How to be a hacker

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Wikipedia tells us that a “computer hacker is any skilled computer expert that uses their technical knowledge to overcome a problem.” The all knowing one goes on to note that the term has been linked in popular parlance with the made up Wikipedia word “security hacker.” Such an individuals “uses bugs or exploits to break into computer systems.”

OccupyTheWeb is a forensic investigator who runs the Hackers-Arise site, and trains government agents in information security and hacking. She seems to view hacking first sense according to Teh Wiki, as a level of skill, but as such, specific skills oriented towards controlling computer processes, access, networks, and so on. Or, at least, this is the focus of the recently published Linux Basics for Hackers: Getting Started with Networking, Scripting, and Security in Kali by OccupTheWeb.

Linux Basics for Hackers: Getting Started with Networking, Scripting, and Security in Kali suggests the Kali distribution and assumes you’ve installed it on your computer or in an emulator (and provides instructions for doing so) but my careful examination of the book says you will get pretty much everything out of it as you will need using any reasonable distribution. You may have to install some software as you go along, but that’s easy for a hacker like you.

Not this kind of cracker.

But there is a reason for Kali. You probably know that Linux is a computer operating system (the most widely used in the world) and Linux comes in a wide range of “distributions” each with their own unique characteristics. The truth is that the various distributions differ very little and are mostly interchangeable, but each will be designed to be good at some set of things, or cater to some particular need, out of the box. Kali is a “penetration testing” distro, designed for hackers who are trying to be crackers. Not that kind of cracker, the other kind of cracker.

Linux Basics for Hackers: Getting Started with Networking, Scripting, and Security in Kali serves two specific parallel purposes, and you can actually use this book for either or both. One is obviously to provide a basic introduction to the Linux tools used in hacking, and the underlying workings of the Linux operating system you would need to know to hack it. But it turns out that for the most part, these are the same things you need to know if you want to get into using Linux at any level below the GUI that sits on top of most of the distribution. After a very brief glance at the graphical desktop that comes with Kali Linux (which looks like a version of Gnome 3.5 or thereabouts) OccupyTheWeb takes you right to the command line and you stay there throughout the book. That is actually a very handy way to put together a book.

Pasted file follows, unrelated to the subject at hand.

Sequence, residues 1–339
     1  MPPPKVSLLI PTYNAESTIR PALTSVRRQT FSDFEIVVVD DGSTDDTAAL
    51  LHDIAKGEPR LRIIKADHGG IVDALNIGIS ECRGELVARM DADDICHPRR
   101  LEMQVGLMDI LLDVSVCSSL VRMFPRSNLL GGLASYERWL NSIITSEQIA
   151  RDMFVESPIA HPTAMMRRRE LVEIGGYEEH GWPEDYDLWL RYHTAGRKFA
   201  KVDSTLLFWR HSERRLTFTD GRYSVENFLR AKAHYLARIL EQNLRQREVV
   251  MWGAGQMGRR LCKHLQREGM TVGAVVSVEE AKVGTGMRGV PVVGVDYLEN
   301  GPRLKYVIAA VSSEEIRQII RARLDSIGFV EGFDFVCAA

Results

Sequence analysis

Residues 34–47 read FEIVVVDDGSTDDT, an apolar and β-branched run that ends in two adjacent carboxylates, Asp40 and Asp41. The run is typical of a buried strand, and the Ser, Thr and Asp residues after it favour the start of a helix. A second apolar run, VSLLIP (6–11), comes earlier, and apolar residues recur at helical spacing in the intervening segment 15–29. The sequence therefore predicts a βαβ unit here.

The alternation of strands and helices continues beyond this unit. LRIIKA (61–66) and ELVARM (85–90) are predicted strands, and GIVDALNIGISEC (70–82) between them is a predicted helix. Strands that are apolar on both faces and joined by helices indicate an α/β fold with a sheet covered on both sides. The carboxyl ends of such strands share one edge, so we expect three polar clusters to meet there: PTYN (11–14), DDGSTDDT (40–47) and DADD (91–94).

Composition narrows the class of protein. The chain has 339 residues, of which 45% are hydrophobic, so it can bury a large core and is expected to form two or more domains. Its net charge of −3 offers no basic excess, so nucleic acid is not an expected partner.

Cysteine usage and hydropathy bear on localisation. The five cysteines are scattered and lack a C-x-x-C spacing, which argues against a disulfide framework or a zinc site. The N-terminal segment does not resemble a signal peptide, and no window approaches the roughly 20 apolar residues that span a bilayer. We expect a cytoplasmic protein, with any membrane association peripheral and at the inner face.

If you are using Linux and have not explored the guts of the operating system, but don’t want to spend a huge amount of time learning it, this book is an excellent introduction. If you are starting out in Computer Science and want to get up to speed quickly on Linux and Unix like operating systems, working through this book will put you well ahead of your fellow students, and quickly. Either way I recommend it. To give you an idea of what is in the book, I give you the table of contents:

Chapter 1: Getting Started with the Basics
Chapter 2: Text Manipulation
Chapter 3: Analyzing and Managing Networks
Chapter 4: Adding and Removing Software
Chapter 5: Controlling File and Directory Permissions
Chapter 6: Process Management
Chapter 7: Managing User Environment Variables
Chapter 8: Bash Scripting
Chapter 9: Compressing and Archiving
Chapter 10: Filesystem and Storage Device Management
Chapter 11: The Logging System
Chapter 12: Using and Abusing Services
Chapter 13: Security and Anonymity
Chapter 14: Wireless Networking
Chapter 15: Linux Kernel and Drivers
Chapter 16: Startup Scripts
Chapter 17: Python Scripting Basics

Have you read the breakthrough novel of the year? When you are done with that, try:

In Search of Sungudogo by Greg Laden, now in Kindle or Paperback
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